First, defendant argues that the officer's request that he (defendant) come with him to the cruiser constituted an illegal seizure in violation of his rights under the Fourth Amendment to the United States Constitution. He contends that the officer had "no articulable and reasonable grounds to suspect that he was in violation of the law of the road." Therefore, he concludes, the trial court should have suppressed sua sponte all the evidence obtained as a result. He argues that the court's failure to do so was plain error, striking at the heart of his constitutional rights, and as such, should be noticed by this Court. State v. Kilborn, 143 Vt. 360, 363, 466 A.2d 1175, 1177 (1983); V.R.Cr.P. 52(b).

We do not reach the constitutional issue. The underlying contention, that the officer had no reasonable grounds to suspect the defendant of a violation of the law, is spurious and without merit. At the outset, a police officer has a perfect right to investigate a motor vehicle parked and silent by the side of a highway during the dark hours of the night. Such a vehicle may be abandoned, or stolen, or both. The vehicle may have experienced some mechanical difficulty. If there is an occupant, he may be unconscious, injured, ill, or, for reasons having no relation to illegal activity by anyone, be in need of immediate medical attention or other assistance. It is clear that the officer was within his rights in approaching defendant's vehicle to conduct a preliminary investigation.

Once the officer reached the truck, he found defendant asleep behind the wheel, and had some difficulty in waking him. When he was awake, defendant appeared to be dazed. The officer detected the odor of an alcoholic beverage from the interior of the truck, and there was a half-full bottle of beer on the seat. In short, the officer had more than sufficient and reasonable grounds to believe defendant was under the influence of alcohol, and that a violation of the alcohol-motor vehicle laws was a possibility if not a probability. *157 Delaware v. Prouse, 440 U.S. 648, 653-54, 99 S. Ct. 1391, 1395-96, 59 L. Ed. 2d 660 (1979). There was no error.

Defendant attempts next to raise an issue concerning his statement to the officer that he had been on his way from St. Johnsbury to Newport. He contends that, under Miranda v. Arizona, 384 U.S. 436, 86 S. Ct. 1602, 16 L. Ed. 2d 694 (1966), the State had an obligation to show the statement was voluntary and not elicited as custodial interrogation in violation of his constitutional rights. Once again, there is no call to reach the constitutional issue. We have discussed this same statement in a different context under Section III of this opinion, but the result is the same. The statement was irrelevant; it had no relation to the charge under which he was being tried. Further, defendant made no objection or any effort to cross-examine concerning the statement. The trial court, in its instruction, made doubly clear to the jury that it must confine its deliberations to the elements of the offense charged, which were also explained carefully.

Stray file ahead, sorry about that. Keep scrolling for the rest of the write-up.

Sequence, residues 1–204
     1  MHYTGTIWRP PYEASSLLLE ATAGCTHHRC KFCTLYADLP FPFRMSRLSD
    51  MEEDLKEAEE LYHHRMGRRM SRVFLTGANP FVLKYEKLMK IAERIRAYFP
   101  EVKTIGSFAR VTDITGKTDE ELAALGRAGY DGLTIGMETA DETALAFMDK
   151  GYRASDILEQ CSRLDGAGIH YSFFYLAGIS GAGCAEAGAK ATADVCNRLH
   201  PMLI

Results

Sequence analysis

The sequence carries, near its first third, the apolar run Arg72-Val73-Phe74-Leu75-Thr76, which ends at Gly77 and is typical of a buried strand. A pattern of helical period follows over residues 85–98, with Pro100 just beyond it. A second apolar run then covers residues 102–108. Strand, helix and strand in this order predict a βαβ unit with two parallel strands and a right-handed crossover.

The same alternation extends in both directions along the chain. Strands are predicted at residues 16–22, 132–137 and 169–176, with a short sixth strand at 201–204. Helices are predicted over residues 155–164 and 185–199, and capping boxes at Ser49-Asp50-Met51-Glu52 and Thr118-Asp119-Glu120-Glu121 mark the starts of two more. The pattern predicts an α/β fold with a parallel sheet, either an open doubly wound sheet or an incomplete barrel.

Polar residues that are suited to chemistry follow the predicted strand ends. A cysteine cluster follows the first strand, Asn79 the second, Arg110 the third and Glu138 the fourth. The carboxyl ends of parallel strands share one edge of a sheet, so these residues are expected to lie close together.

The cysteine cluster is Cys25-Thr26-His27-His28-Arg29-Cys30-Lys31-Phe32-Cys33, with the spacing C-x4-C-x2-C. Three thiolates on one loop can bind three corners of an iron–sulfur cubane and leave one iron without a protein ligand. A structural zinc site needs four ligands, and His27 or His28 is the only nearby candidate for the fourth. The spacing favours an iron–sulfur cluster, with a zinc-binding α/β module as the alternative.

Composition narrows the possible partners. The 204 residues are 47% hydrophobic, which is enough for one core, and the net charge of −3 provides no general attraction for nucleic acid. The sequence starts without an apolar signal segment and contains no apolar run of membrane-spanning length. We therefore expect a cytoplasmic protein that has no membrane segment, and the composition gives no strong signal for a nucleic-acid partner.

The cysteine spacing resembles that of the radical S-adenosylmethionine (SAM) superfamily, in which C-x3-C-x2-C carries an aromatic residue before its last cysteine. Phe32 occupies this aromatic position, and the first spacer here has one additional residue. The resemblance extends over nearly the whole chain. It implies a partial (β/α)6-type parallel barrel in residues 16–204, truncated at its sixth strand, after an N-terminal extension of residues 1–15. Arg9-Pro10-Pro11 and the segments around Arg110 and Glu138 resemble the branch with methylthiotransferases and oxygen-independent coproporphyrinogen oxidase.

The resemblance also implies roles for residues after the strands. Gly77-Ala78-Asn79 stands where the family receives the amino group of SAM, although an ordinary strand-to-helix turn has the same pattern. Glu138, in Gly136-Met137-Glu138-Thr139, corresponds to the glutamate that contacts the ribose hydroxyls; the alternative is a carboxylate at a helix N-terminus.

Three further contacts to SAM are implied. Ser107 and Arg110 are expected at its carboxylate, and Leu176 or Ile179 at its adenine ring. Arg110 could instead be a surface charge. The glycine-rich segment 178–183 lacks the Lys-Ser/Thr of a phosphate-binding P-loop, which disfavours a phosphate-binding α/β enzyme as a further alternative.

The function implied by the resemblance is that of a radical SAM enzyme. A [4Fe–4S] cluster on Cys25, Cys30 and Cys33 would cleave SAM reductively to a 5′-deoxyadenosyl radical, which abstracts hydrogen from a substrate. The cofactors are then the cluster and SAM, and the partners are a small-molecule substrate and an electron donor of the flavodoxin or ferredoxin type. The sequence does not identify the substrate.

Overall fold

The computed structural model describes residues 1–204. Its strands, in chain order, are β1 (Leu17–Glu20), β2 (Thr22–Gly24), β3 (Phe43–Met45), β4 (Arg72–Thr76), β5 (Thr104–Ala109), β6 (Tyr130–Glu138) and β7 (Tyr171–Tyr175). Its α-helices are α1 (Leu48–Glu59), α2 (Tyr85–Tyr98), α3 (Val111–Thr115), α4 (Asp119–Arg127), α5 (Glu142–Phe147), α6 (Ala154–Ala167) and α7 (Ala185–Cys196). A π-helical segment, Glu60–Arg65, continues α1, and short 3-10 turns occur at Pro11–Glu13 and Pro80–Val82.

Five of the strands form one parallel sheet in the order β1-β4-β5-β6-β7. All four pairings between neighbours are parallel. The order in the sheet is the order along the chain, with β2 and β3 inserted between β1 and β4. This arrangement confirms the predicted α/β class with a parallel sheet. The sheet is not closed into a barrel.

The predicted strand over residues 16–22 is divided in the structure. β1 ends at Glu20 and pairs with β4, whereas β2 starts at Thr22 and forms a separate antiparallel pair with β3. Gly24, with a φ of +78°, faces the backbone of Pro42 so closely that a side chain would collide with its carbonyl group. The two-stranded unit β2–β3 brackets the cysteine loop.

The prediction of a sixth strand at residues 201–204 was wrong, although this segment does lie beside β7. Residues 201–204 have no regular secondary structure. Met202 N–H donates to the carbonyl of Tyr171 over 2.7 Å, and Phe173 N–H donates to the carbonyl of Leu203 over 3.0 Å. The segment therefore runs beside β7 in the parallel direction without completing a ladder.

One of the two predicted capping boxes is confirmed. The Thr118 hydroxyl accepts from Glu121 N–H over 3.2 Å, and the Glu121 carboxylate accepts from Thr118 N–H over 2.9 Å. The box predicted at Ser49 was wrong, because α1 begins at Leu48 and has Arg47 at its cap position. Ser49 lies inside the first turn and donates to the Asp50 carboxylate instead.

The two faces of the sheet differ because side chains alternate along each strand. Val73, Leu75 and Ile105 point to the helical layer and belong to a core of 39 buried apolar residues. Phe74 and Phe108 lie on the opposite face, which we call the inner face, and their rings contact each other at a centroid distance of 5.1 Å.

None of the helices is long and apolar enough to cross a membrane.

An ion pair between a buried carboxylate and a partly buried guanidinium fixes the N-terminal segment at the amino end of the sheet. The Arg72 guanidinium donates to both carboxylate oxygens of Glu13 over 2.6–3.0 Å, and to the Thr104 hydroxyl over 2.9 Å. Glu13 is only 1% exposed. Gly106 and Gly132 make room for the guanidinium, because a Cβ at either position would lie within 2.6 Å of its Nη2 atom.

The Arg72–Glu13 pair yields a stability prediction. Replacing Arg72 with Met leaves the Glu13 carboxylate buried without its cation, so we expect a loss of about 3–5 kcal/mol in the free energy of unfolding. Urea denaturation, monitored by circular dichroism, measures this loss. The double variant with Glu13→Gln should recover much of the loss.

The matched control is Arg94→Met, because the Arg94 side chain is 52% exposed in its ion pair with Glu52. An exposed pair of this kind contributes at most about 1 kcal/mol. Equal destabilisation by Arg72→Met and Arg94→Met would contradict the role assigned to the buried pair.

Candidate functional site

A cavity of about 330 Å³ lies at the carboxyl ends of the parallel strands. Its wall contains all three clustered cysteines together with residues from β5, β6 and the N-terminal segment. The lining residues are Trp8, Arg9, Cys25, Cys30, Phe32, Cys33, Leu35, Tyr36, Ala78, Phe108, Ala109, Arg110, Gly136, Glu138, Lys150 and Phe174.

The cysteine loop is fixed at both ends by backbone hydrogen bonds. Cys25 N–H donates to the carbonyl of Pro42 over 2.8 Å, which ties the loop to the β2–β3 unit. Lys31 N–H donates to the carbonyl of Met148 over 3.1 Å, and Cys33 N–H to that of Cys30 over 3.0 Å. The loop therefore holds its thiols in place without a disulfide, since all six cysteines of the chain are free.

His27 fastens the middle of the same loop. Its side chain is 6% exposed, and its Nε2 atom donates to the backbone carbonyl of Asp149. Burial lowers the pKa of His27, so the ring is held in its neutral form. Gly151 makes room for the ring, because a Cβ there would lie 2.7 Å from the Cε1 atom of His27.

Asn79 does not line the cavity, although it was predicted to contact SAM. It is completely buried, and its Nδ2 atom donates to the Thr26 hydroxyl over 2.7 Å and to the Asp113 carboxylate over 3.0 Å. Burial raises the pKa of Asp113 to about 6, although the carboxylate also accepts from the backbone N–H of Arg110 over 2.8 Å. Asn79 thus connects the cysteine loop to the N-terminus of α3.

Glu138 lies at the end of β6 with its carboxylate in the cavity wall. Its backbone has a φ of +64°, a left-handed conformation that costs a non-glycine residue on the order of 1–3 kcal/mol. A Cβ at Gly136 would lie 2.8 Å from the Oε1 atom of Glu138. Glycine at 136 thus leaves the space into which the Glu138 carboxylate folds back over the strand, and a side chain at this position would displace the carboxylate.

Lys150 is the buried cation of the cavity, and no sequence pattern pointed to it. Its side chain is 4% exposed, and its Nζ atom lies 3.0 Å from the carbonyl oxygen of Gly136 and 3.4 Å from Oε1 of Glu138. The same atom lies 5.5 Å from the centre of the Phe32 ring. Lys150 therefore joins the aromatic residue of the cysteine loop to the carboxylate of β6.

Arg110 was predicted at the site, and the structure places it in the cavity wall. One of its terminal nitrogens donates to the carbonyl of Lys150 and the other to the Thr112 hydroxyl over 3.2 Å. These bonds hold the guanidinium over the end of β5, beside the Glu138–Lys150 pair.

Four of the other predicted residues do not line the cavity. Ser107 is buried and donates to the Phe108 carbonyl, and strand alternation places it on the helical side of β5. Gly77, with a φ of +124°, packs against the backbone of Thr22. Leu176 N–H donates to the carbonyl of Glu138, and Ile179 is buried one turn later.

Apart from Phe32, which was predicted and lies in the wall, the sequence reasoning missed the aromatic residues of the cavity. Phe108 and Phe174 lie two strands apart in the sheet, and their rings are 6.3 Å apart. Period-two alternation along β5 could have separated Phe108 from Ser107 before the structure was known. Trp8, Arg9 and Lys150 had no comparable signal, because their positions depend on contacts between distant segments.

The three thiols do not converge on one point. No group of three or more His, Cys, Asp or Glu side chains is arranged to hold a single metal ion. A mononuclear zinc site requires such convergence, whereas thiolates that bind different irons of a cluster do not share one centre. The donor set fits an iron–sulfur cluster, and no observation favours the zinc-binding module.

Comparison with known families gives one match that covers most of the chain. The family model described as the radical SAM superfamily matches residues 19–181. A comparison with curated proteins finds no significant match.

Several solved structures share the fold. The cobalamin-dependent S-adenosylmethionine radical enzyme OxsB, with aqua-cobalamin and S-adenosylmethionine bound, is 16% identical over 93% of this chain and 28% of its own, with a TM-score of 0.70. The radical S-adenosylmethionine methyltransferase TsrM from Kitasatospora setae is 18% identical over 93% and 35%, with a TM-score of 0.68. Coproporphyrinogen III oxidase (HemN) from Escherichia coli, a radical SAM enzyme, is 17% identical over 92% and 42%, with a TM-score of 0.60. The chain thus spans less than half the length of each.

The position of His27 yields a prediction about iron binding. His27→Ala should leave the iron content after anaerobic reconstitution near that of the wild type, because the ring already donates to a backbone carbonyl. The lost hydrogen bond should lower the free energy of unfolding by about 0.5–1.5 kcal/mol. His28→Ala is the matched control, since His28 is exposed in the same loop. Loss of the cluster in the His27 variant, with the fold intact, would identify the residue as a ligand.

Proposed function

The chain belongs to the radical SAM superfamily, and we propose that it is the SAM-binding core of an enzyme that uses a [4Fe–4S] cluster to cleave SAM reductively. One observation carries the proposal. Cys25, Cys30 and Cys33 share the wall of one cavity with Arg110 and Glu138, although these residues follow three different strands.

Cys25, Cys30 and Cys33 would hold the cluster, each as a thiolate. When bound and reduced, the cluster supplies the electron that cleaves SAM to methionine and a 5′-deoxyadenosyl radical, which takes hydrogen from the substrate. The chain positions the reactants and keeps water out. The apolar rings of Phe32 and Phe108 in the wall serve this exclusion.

An argument similar to the above is offered by the defendant concerning the statement he made to the officer at the police barracks: "You know something, I wish they never made alcohol. I wish I would have been somewhere else tonight. I could have taken a taxi home."

As we read the record, this statement was not the result of an inquiry or comment by the officer that the latter should have known was reasonably likely to elicit any incriminating response. In fact, the record indicates that the remark was both spontaneous and voluntary. The transcript discloses that, after the officer had finished processing defendant at the barracks, the latter called a friend to ask for a ride home. While waiting for his ride to arrive he made the comment described above as a purely conversational and unsolicited utterance. Defendant refers us to nothing in the record to suggest otherwise. Such freely volunteered statements are not protected by Miranda. Miranda, supra, at 477-78, 86 S.Ct. at 1629-30; State v. Picknell, 142 Vt. 215, 222, 454 A.2d 711, 713 (1982).



[1] The officer was the sole witness. Defendant did not testify, nor was any evidence presented on his behalf.

[2] See Public Laws of Vermont, 1933, § 4986; the relevant definition is identical to present 23 V.S.A. § 4(13).